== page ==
Lexington Baseball Park, Saint Paul, Minnesota (1897 - 1956)

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Lexington Park

Baseball game at Lexington Park, 1917
2001
City/locality-
State/province
Saint Paul, Minnesota
County-
State/province:
Ramsey County, Minnesota
State/province: Minnesota
Country: United States
Year Established: 1897
Year Ended: 1956
Historic Function: Athletic fields
Current Function: Commercial district

Saint Paul Ramsey

Lexington Baseball Park, Saint Paul, Minnesota (1897 - 1956)
(44.954898291877,-93.148698806763warning.png"44.954898291877.-93.148698806763" is not a number. )

{{Textarea Site |site_intro=Opened in 1897 by Charles Comiskey, the park was the site that spring of disputes with the St. Paul Trades and Labor Assembly over union cigars, musicians and advertising. After a brief boycott, Comiskey agreed to labor's demands. Stadium grandstand walls are still standing in the southwest corner of the area, occupied by a shopping center since the park was torn down in the 1950s.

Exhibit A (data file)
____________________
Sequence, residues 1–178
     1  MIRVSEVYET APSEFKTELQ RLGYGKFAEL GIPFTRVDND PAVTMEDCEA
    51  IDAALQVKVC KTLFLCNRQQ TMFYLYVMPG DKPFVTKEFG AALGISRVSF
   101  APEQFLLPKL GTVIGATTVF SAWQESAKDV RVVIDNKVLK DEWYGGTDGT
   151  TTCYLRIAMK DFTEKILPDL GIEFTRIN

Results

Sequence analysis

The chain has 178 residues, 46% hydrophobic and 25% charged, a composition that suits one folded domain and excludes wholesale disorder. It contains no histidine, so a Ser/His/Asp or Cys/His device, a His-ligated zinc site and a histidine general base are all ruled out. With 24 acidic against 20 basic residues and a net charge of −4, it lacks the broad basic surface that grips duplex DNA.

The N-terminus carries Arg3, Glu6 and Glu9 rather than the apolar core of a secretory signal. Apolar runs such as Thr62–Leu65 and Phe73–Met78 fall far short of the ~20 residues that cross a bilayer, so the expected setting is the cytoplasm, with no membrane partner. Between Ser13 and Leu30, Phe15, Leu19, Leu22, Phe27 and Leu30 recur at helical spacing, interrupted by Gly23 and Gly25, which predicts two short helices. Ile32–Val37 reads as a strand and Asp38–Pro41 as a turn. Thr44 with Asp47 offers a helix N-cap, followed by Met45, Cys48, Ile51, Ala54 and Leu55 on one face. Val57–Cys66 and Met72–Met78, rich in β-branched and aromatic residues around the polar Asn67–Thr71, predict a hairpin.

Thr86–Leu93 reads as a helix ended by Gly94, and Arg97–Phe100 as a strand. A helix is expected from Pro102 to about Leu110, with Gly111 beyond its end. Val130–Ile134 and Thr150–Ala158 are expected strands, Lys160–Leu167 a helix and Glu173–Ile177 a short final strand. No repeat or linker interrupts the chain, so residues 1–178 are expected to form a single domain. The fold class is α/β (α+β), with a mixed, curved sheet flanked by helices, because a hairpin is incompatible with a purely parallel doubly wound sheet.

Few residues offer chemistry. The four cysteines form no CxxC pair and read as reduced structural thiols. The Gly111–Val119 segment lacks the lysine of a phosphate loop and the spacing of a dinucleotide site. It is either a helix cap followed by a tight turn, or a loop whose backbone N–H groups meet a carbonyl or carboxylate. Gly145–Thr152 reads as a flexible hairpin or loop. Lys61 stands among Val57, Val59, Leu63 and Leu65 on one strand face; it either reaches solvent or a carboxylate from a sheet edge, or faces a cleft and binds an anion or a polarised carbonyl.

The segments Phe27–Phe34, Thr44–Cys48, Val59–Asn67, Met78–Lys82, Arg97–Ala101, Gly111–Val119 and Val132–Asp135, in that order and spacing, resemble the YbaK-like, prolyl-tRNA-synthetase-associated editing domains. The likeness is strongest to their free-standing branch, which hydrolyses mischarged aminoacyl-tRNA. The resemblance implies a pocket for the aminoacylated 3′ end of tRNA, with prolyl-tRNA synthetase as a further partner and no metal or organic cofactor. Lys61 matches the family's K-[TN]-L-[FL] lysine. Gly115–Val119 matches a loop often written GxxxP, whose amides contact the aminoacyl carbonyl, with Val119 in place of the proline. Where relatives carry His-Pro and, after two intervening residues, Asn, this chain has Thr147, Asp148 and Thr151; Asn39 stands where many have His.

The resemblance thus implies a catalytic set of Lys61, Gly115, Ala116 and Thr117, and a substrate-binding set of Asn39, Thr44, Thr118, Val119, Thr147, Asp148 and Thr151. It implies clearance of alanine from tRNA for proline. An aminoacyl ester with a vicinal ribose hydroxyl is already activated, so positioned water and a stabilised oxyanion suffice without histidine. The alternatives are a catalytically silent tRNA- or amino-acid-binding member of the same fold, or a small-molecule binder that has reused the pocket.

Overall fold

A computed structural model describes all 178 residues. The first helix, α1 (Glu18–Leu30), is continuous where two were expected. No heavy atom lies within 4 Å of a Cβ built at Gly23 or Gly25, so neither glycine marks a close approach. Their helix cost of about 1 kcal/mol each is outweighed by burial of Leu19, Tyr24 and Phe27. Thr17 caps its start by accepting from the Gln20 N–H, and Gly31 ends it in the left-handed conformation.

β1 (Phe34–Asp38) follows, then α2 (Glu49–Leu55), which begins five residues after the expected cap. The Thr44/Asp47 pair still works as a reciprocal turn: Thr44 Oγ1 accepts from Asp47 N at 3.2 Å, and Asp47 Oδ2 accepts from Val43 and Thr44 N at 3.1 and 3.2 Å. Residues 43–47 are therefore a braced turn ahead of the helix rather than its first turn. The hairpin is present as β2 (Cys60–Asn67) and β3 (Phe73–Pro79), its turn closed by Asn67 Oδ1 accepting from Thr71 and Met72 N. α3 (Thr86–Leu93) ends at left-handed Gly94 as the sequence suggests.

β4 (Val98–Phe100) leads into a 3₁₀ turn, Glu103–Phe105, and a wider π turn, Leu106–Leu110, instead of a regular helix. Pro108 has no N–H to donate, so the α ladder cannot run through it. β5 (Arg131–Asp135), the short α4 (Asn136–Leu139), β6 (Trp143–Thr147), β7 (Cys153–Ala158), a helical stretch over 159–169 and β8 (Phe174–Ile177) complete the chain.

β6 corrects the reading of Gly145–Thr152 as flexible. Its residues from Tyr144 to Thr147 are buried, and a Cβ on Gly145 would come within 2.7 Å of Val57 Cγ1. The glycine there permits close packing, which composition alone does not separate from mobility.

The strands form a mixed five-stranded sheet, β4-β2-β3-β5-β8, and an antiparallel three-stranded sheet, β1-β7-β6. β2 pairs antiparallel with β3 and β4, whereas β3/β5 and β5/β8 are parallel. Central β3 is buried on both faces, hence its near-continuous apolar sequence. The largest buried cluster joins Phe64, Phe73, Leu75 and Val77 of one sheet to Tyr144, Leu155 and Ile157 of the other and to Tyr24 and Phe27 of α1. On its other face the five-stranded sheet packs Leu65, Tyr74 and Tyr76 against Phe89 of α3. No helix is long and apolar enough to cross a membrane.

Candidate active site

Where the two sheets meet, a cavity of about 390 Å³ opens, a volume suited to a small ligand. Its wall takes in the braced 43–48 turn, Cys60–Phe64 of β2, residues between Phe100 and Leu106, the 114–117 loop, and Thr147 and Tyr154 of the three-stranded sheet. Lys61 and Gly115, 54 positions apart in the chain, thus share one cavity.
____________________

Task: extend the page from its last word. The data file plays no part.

Contents

Link

Workday Minnesota Story

Neighborhood Video Project Lexington Ballpark

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Saint Paul Labor History Tour


Photo Gallery

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For 60 years the corner of University Ave. and Lexington Parkway attracted fans of the national pastime. Lexington Park was home to minor league baseball's original St. Paul Saints. By the 1950s, the Saints and their cross-river competition, the Minneapolis Millers, had developed a rivalry that mirrored one of the fiercest in the major leagues. The most talented Saints were promoted to the Brooklyn Dodgers, while the Millers were a farm team for the New York Giants. So before they did battle in Gotham, stars like Duke Snider and Willie Mays played at Lexington Park, and tried to hit home runs onto the roof of a roller skating rink that also fronted University. Twin Cities baseball historian Stew Thornley says some of the highlights of the season for local baseball fans occurred on summer holidays. "The St. Paul Saints and Minneapolis Millers would play a doubleheader, with a morning game in one ballpark and an afternoon game in the other," Thornley said. "The fans would get onto the streetcars, and it was probably about a seven-mile ride."

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